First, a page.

Nuts & Bolts


Nuts & Bolts is a curation of open ended toys which can be used in a variety of ways, depending on the child’s creativity and imagination. For example, a curved wooden board can be a rocker or flipped over to become a tunnel. It can be propped up against a sofa and used as a slide. Open ended toys are kept simple and as natural looking as possible.

The owner of Nuts & Bolts is Wei Xuan, a lovely homeschooling mama of two. Her children are her main priority and the opening hours of the store actually revolves around their schedule. As such, the store is not open daily but about twice a week. To maintain a comfortable experience for visitors, the store runs on an appointment-only basis.

Her children came up with the name Nuts and Bolts, as they used this term instead of “pins and needles”. Both children helped to set up the store by painting signs, fixing shelves, cleaning up… the entire store is a product of love by their family.

We had the pleasure of visiting the store twice and it was such fun for the children! The store has large glass windows to let natural sunlight shine through. The store itself is not large by any account, but it is well-designed and doesn’t feel claustrophobic. There are various corners where children can play at indoors. Behind the store is a grassy slope where children can run up and down and outside the store are climbing frames, large hollow blocks and a sand corner. These activities will be changed from time to time.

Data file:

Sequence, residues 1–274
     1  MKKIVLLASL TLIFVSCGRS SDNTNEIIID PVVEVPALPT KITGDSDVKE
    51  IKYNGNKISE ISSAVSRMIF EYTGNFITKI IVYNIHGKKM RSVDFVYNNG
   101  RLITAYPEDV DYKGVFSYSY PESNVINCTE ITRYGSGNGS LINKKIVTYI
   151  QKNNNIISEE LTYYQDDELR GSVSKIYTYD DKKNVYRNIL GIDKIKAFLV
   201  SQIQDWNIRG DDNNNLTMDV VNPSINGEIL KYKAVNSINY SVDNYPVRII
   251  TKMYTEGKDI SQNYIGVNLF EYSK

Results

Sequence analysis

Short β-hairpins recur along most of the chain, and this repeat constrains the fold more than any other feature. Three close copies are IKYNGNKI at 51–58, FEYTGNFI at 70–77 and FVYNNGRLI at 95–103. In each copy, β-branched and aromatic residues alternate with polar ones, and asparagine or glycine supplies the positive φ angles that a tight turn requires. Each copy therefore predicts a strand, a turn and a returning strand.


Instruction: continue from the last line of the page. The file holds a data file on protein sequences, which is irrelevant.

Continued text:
The first time we went there, the kids got to paint on seashells and spray coloured water on a piece of paper using a spray bottle while they painted on a mirror the next visit. 

Most of the products which are on sale are available for children to test out. Although there is no obligation to purchase, it is close to impossible to leave empty handed. The products are decently priced, taking into consideration the overheads required to maintain such a place. Play objects which promote gross motor skills such as the Wobbel board, Confidence Triangle, Large Hollow Blocks and the Step-up-step-down Rocking Boat can be placed in the home in place of electronic toys. 

A multitude of smaller toys promoting sensory development and creativity line the walls of the store. There are treasure blocks, which are wooden hollow blocks with acrylic centres that can be filled with anything from beads to feathers and buttons. Baby percussion instruments, mirrors, light pads with colourful acrylic paddles and geometric shapes… there are simply too many to list.